Parliament finds itself bickering over ATM transaction fees this week as the NDP hammers away at the Conservatives to make good on a pledge to address the annoying and expensive costs on consumers.
New Democrats want a cap of 50 cents on the cut that banks and credit unions take when a customer uses an ATM terminal not associated with their bank to access their account.
READ MORE: NDP Calls on Tories to cap ATM fees
The Canadian Bankers Association says only about a quarter of ATM transactions are by customers using another bank or ATM operator’s terminals.
But with charges amounting to as much as $4, the costs are adding up. And with fewer bank branches and terminals in urban areas – especially low-income corners of big cities – those ATM charges fall disproportionately on poorer Canadians, the NDP charges.
Whether the Conservatives heed the NDP’s calls and address the matter in this month’s budget announcement isn’t clear. But what is are some basic steps anyone of us can take right now to avoid such charges.
1. TAKE MORE CASH AT ONCE
A fixed fee of between $3 and $4 on ATM transactions means that you get a bigger bang for your buck if the withdrawal is for, say, $80 rather than $20 – which works out to a percentage of 3.75 per cent compared to a far heftier 15 per cent paid to the bank and transaction processing companies.
2. USE CREDIT
Running up credit cards isn’t the soundest of financial strategies (though Canadians have grown pretty comfortable with it). But responsible use of credit cards to pay for day-to-day things is an effective way to avoid charges at ATM machines. And you can rack up loyalty program points in the process.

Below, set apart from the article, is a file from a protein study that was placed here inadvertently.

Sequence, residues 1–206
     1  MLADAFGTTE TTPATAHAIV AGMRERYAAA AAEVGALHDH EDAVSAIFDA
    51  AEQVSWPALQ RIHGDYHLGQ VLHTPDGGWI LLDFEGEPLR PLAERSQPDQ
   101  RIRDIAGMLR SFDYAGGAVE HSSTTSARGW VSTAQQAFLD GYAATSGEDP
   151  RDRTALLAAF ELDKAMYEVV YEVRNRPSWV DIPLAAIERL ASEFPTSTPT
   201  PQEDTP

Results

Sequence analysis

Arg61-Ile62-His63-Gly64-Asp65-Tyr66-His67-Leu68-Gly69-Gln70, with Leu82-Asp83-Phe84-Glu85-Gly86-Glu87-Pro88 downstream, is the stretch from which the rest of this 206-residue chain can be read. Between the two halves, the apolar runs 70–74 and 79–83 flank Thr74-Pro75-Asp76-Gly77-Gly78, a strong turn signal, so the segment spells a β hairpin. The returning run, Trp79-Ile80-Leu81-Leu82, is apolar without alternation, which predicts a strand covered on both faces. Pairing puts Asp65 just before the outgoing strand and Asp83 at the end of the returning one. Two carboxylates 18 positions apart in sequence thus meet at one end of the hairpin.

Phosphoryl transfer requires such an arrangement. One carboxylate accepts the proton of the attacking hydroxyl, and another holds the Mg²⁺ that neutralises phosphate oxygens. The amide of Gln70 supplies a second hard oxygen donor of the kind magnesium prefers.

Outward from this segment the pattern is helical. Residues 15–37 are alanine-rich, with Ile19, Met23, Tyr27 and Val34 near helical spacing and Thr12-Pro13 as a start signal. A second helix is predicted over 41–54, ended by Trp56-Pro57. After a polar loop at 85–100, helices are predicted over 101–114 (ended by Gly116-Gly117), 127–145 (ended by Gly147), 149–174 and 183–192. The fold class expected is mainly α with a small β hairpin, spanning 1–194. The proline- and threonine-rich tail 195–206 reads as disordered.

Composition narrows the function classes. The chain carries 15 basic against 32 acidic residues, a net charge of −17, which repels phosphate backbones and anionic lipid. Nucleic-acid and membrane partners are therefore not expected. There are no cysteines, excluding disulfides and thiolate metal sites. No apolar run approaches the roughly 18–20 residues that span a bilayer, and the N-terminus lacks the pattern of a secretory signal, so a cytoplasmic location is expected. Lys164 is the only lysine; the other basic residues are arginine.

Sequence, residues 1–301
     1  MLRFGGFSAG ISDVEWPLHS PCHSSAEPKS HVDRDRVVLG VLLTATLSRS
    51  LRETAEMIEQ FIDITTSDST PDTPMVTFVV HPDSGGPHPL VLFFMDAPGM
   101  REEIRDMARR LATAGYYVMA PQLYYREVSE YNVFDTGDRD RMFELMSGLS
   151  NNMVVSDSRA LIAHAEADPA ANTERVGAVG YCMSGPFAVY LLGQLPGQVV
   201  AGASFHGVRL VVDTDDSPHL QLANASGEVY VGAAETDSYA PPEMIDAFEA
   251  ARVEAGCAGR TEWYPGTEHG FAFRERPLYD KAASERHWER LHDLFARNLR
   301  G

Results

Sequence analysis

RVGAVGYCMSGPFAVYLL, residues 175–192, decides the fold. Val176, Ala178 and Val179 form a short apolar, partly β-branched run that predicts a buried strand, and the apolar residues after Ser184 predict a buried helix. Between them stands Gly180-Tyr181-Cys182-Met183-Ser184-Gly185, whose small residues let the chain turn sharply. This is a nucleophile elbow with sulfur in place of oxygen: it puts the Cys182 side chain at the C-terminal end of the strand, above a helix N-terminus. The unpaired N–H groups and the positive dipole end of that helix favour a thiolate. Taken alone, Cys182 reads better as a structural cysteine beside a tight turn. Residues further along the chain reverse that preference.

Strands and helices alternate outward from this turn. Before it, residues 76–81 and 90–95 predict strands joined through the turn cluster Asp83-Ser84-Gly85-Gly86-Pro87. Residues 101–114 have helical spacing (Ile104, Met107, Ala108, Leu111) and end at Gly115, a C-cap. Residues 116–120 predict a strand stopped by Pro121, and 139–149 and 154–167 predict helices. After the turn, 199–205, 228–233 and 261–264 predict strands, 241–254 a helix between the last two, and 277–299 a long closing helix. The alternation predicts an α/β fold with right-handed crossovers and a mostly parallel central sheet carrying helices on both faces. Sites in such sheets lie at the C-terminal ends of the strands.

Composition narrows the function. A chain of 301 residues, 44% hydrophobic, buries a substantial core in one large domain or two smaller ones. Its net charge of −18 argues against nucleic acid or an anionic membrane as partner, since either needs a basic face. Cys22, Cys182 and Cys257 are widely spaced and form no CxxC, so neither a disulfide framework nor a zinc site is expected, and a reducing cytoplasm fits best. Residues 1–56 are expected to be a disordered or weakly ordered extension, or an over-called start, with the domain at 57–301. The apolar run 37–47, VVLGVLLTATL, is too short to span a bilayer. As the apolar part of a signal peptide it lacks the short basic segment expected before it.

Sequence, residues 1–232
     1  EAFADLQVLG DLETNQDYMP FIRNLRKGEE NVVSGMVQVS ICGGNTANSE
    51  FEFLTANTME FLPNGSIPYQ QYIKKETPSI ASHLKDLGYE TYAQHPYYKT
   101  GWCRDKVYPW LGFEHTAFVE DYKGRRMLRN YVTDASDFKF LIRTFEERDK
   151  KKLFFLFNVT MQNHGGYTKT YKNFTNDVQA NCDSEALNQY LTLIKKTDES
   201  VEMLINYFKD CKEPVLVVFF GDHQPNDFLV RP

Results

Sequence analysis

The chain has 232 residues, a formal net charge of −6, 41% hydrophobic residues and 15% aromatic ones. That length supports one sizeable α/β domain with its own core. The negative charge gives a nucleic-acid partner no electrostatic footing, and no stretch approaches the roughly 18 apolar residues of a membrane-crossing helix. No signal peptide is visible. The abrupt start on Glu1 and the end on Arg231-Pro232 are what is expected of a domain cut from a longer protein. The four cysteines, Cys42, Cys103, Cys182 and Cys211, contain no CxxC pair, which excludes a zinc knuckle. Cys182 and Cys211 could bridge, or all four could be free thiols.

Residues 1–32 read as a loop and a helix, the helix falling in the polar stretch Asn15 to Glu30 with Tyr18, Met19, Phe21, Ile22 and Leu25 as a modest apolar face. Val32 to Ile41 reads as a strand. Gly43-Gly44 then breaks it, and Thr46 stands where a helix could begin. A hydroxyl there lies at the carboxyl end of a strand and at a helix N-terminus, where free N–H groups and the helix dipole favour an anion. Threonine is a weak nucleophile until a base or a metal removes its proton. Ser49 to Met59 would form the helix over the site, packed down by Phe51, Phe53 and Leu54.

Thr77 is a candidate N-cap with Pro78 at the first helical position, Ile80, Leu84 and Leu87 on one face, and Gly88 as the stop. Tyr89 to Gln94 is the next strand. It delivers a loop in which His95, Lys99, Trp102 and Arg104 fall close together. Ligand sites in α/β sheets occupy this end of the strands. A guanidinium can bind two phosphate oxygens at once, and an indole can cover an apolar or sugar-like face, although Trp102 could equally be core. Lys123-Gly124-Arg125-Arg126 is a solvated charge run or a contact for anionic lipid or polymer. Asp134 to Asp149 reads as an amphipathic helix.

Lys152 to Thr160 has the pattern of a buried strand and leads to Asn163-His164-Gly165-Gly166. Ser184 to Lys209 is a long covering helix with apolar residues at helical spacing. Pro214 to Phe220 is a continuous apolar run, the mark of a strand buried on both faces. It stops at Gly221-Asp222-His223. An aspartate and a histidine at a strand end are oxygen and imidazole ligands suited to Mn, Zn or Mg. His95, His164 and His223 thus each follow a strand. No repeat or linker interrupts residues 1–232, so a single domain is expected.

Just remember to pay off the charges quickly, or your interest charges could easily outpace the fees you may have paid on transaction costs.
3. DONT USE TERMINALS NOT OWNED BY YOUR BANK
Perhaps the most common-sense tip is to simply skip using ATM machines not owned by your bank altogether. It may not be the most convenient solution you want to hear, but it is the most effective.
There are some reciprocal agreements between institutions that let customers use ATMs without a penalty, like the one between CIBC and PC Financial, but they aren’t commonplace.
4. CASH BACK
Many retailers, such as supermarket chains, offer the option to withdraw cash when making a purchase at no additional charge to you. The amount is often capped at $80 or $100, but nevertheless, take advantage of it.
5. SHOP AROUND FOR BANK ACCOUNTS
Many bank account products offer some protections on racking up high ATM fees. Some won’t charge you for a certain number of ATM transactions per month, for example.
It will require some shopping around, however, while most will likely find that planning ahead and avoiding ATMs not owned by their own bank the best ways to not get dinged.